Despite an almost universal love for Disney’s assortment of “perfect” princesses, a closer look at the coveted club reveals a problematic trend – many of these princesses are white, and the majority of them depict the helpless, damsel in distress archetype. While it’s fun to sing along to “Under the Sea” and take pictures with Princess Tiana at theme parks, it’s impossible to ignore the fact that Ariel spends the majority of Little Mermaid mute and The Princess and The Frog’s rare black main character is in frog form for almost all of the movie.

Moana of Motunui fights these ‘princess norms,’ and you can’t help but love her for it. Moana has much in common with Disney’s other princess films: a likable young girl with a taste for adventure, longing to break free from what’s expected of her (think Ariel and Mulan), catchy songs every few minutes, an emotional plot that ends in happy tears. But what sets Moana apart from every other movie is the titular character herself.

Different from Disney’s earlier princesses, Moana defies the default design of skinny and white. She’s thick. She’s brown. She’s got no love interest. Together, these qualities make for an amazing role model for women of color.

Less princess and more leader, Moana saves her people and the earth without help from sidekicks and men.

Yes, she receives aid from a demigod (introducing Dwayne Johnson’s character Maui), but ultimately it is Moana the ocean chooses to save the day. Unlike Frozen’s Anna, who goes gooey-eyed for manipulative Hans in less than ten minutes through song, and Elsa, whose self-acceptance is illustrated by a ‘sexy’ makeover including a dress with a slit and gorgeous messy hair, Moana doesn’t use any gimmicks. Even her goofy sidekick Hei-Hei proves to be more of a humorous addition to the movie than an actual aide to Moana. Her determination is all she needs.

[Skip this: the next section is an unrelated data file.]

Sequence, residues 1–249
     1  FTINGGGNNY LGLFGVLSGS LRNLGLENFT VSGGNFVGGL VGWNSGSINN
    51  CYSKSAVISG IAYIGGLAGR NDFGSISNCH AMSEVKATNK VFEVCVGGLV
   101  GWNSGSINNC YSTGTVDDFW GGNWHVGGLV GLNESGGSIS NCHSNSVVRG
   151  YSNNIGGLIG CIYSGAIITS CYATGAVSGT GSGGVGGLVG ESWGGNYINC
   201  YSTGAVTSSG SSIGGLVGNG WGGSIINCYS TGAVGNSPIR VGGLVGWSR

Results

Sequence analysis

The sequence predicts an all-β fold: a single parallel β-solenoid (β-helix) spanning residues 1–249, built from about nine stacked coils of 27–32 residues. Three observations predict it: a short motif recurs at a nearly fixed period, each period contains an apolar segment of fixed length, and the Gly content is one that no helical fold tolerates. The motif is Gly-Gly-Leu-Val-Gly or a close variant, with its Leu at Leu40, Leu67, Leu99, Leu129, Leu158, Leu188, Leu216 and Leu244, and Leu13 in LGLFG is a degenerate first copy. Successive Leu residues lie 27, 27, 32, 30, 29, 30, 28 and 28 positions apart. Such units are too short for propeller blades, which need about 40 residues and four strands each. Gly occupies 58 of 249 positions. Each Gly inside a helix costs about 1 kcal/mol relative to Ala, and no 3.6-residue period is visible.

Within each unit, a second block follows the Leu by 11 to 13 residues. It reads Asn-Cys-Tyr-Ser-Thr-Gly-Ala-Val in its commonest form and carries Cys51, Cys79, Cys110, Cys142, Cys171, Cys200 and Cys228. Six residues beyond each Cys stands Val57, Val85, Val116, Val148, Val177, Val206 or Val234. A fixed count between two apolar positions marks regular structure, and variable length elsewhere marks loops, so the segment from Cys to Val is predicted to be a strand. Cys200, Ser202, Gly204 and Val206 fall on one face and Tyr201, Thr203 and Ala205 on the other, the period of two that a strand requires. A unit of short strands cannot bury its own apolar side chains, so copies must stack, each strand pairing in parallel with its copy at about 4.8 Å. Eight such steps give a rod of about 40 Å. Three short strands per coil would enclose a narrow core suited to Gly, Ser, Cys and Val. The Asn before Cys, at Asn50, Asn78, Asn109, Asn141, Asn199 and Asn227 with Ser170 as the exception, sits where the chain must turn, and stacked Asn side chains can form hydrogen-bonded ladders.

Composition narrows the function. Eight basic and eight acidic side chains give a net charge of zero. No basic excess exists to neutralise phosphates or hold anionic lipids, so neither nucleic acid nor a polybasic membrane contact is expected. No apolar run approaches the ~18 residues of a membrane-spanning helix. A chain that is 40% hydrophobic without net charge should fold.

There’s a reason why my sister and I, both brown women, cried at the end of this movie. On surface level, Moana is another Disney girl with an animal sidekick ready to save the day. But pay close attention. You’ll find a movie with a rich narrative celebrating female and POC excellence. And when the main character passionately cries “I am Moana!”, you too will shed tears.

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